Tuesday, November 25, 2008

Do writers need an MFA to get published?

On Fresh Air yesterday, Terry Gross interviewed James Franco, whom I remember as the good-looking stoner on Freaks and Geeks. Franco, it turns out, is pursuing an MFA in Fiction Writing from Columbia.

Gross asked him why he is going to school to learn to write. Franco answered:

"I felt that if I wanted to be serious about writing I should be around other writers. There's a romantic notion, like, uh, 'well if you want to be a writer just write.' But I don't know if this is true, but I had a professor at UCLA who just wrote a book on this very thing. And I think it turns out—I could be wrong—but I think 90 percent of fiction authors that are being published today went through MFA programs."

This gave me pause—enough to look up the podcast and transcribe the passage above. I have no intention of pursuing another graduate degree, mostly for reasons of time and money, but also because I don't want to go through the trauma of taking the GRE again. (It turns out your GRE scores are only good for 10 years; just thinking about taking another long, standardized test makes my palms sweaty).

I wasn't sure how to test this premise—most published fiction writers do not put "MFA" after their names. But, of course, it turns out, other blogs and web sites have addressed this issue so I don't have to do any original research here. 

I googled: (do fiction writers need an mfa?) [without quotes] just now and found the following answers*:

• Everywritersresource.com - Should I get an MFA in Creative Writing? The Good, Bad and Ugly. The answer is "maybe," but only if you write literary fiction.

• afterthemfa.com - A short post says: You don't need no stinkin' MFA, which links to a web site devoted to this idea, http://www.youdontneednomfa.org (Unfortunately, it hasn't been updated since Feb. 2007).

• A link to a book listed on Amazon, Portable MFA in Creative Writing, which purports to offer the "core knowledge of a prestigious $50,000 MFA program without paying tuition."

Most of the other hits, especially on the following windows, seemed to be links to specific MFA programs. So I tried a new search question,  (do fiction writers need an MFA to get published?) This brought up such titles as: 

• I Say "Phooey!" to the MFA in Writing: Let's Write Our Hearts Out Instead (from associatedcontent.com)

• The importance of MFA creative writing programs for writers (from helium.com)

• How to make a living writing short fiction (idea) (from everything2.com)

What's depressing is that many of the articles that weren't links to MFA programs were found on non-paying, freelance-written web sites, or posted as questions on user-driven forums like Yahoo! Answers.

So, based on this short Internet survey, whether you have an MFA or not, it looks like the chance of your being a struggling, unpaid writer are still very good.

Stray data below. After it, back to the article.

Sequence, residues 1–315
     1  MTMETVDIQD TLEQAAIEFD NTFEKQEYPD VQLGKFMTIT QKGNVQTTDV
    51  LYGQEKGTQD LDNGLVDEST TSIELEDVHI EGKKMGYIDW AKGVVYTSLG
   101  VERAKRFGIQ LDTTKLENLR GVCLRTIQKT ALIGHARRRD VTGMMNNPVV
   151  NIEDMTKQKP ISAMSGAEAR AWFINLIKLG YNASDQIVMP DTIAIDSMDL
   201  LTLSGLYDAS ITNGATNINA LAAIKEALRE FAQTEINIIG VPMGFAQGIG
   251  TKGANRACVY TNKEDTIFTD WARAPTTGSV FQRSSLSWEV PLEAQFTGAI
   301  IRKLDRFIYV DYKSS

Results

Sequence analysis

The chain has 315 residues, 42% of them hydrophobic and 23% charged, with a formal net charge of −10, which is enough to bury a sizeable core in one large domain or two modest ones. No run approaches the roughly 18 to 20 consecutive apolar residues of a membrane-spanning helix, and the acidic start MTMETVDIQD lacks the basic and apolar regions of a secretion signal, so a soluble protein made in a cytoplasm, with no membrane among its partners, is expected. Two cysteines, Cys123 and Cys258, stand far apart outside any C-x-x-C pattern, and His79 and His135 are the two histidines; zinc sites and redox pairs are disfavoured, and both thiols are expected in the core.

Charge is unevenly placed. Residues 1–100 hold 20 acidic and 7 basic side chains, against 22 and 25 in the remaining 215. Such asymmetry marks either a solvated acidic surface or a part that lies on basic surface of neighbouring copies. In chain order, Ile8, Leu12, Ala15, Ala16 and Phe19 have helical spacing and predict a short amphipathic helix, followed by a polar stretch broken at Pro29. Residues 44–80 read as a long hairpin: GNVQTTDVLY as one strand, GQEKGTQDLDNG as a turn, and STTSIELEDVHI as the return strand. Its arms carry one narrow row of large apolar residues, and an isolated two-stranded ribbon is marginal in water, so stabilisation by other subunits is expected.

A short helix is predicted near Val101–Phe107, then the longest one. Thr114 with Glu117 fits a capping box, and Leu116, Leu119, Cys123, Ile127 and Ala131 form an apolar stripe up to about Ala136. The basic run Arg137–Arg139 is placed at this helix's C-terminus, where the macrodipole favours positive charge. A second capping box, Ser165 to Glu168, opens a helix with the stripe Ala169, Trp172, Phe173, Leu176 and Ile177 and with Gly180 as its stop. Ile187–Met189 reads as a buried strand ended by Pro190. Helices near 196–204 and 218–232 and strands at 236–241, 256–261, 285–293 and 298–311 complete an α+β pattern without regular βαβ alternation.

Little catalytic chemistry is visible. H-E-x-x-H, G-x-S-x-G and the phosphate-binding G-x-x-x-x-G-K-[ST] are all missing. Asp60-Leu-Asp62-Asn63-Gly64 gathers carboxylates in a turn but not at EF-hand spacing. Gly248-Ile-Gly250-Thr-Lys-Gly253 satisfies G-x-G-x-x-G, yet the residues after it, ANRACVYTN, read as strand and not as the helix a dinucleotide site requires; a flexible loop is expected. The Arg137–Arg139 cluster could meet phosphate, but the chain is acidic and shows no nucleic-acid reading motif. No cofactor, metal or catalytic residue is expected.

* I know Google isn't AskJeeves, but plugging in random questions is sometimes a cool way to discover new web sites—I'd never seen any of these web sites before now.


Jo said...

90%? It simply can't be true. And I wonder what percentage of MFA writing program graduates are published fiction writers. Perhaps a padded resume counts as fiction?


Anonymous said...

I always check author bios. when I read a story or poem in a literary journal. It does seem that most (if not 90% )writers getting published have the mfa credit. Indeed, many literary journals are in fact academic journals in which students and professors in the "field" of creative writing write for each other.

Cath Lawson said...

Hi - I've read about so many authors having an MFA. I am from the UK and I was on a one week writing course last year and one of the tutors suggested that we try to get MFA's.

But I don't know if an MFA is necessary to get a novel published. I got the impression that many writers take it because it's tough to make a living actually writing, so they need to teach too.

Karen Hamilton Silvestri said...

If you check the bios of new authors in Poets & Writer's, almost ALL of them have MFA's. It is depressing, but I am thinking of ditching my quest for an MA and switch to an MFA program.

Anonymous said...

I didn't really see the point vs time investment. Why? B/C I value my independence and didn't want to take on all of that debt, two, being independent, I would rather DIY....Plus, I already did my BA in Creative Writing in which most of my clases were already workshopped.
You know, it still has itched at me to do it, and I have even taken a random class here and there and gone to writers workshops, I just can't bite the 3 year commitment more so than the money thing. I'd have to stop what I am doing already making money, to take a risk on "getting better and published" then, hopefully still have some kind of income when I am done... That is a huge risk to me.
I am not sure about writing workshops where some people are, or how much family support some people who do these have... but the writing workshops I have been to in Chicago, San Francisco and Denver/Boulder have been excellent. Now, if you live in the middle of nowhere and don't have access to this, then an MFA might seem like more of a deal to you.
But I think that money might be more wiseley invested moving to a city that has a big literary crowd and networking/workshopping.

Anonymous said...

This is a very interesting and important question. I think good writing is what gets you published; I have four poems published in prestigious literary magazines, and no MFA credit. An MFA seems to be a way to make money by eventually becoming a professor of creative writing. And, to spend an intensive 2-3 year effort to focus entirely on your writing. You don't need one, but it helps to be in the academic arena.

Unknown said...

When you read a literary magazine, look at the bios of the writers included in the issue. They have MFA's.